Boy, Esq., who at 19 is essentially a fully-grown human, has zero interest in learning to make pancakes. His interest in pancakes stops and starts with the process of eating them.
So when he appears on the back deck Sunday morning and says "do you want to teach me to make pancakes?" I am immediately suspicious. And not just because he is wearing basketball shorts - and, more significantly, carrying a basketball. What's his game, exactly?
I look up from the Book Review, where I am making a mental list of books I believe I will actually read and stockpiling inspiration unrelated to pancake making. Experience has taught me a few things about this scenario:
1. It will end in pancakes.
2. The pancakes will be made by me.
Of all the cruel jokes biology has to play upon those of us born with the double-batch pancake-making gene, the inclination to feed our offspring is the most insidious.
While such an instinct plays a necessary role in the survival of the species, it also makes us susceptible to cons as obvious as fully-grown men pretending culinary curiosity while holding a basketball.
I give my son a look that says, "Please. I see through your crass manipulation of my maternal instincts." Then I start assembling pancake ingredients in the kitchen.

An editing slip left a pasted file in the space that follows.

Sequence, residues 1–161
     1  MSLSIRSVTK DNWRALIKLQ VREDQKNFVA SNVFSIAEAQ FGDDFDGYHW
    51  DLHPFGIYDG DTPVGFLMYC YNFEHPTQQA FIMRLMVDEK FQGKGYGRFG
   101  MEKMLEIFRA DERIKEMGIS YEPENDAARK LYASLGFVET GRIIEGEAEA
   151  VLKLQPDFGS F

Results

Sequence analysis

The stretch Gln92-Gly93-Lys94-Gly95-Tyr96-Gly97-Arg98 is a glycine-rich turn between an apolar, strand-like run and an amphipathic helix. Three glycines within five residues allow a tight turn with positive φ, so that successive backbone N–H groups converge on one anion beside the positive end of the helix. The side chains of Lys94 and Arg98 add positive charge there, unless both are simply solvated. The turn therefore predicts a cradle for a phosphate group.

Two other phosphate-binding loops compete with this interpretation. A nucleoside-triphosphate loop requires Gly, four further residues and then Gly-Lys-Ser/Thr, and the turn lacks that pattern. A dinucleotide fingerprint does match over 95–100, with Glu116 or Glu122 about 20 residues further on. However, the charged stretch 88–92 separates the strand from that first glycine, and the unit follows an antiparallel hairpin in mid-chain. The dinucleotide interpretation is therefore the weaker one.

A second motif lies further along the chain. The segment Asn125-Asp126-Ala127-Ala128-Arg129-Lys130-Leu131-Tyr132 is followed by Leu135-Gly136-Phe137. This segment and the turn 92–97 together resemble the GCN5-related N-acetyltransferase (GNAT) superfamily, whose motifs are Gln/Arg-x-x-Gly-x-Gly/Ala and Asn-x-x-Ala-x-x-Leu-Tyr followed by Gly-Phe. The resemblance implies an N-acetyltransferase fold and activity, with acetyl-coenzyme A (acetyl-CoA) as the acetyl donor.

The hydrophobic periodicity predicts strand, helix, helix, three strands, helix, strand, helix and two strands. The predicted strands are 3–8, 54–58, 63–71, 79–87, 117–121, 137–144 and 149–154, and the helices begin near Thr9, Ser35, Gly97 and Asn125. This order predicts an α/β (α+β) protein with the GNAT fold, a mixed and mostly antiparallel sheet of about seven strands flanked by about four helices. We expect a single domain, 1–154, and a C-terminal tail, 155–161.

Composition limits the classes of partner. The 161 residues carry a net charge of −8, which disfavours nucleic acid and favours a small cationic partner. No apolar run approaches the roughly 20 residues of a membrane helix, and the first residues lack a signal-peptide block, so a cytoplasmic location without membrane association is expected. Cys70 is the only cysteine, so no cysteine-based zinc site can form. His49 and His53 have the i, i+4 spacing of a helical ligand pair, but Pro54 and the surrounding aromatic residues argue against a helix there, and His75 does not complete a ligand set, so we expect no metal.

Manipulator or not, he's still my first-born. And he's here for only a few months before he will fly out of the nest again and back to the University of All You Can Eat. As hard as he is to live with, it's harder to live without him.
But first I will make him suffer a little. I walk out to the edge of the driveway where he is shooting freethrows. "Step One," I say. "Sift the dry ingredients." I demonstrate with my big, pink mixing bowl - the one I bought in what I believed at the time was an ironic gesture. Who buys pink mixing bowls? But that's the thing about irony. It has a funny way of turning around on you.
I continue my narration. It is a recipe I know by heart. I've made Craig Claiborne's Basic Pancakes so many times, my New York Times Cook Book falls open to the page by itself. I've made them with blueberries; I've made them with chocolate chips. I've made them in letters to spell out their names. The page is butter spattered and annotated where one of my BFFs did the math for a triple batch. It's never enough.
"Then I add the milk and eggs and stir," I call out to the driveway. "Not too much or they will be tough."
Boy, Esq. acknowledges each step with a level of interest slightly below the threshold of actual, measurable interest. He does not return to the kitchen until the pancakes are ready to eat. Then he complains that I made too many with blueberrries and mocks the fact that none of the pancakes are actually round. "How hard is it to make a circle?" he says. He leaves a trail of syrup across the counter.
It's adorable and I make a mental note to look for some little molds. Before he leaves for college again I will make pancakes shaped like hearts and zoo animals. Balloons maybe. It will be an ironic gesture, but still.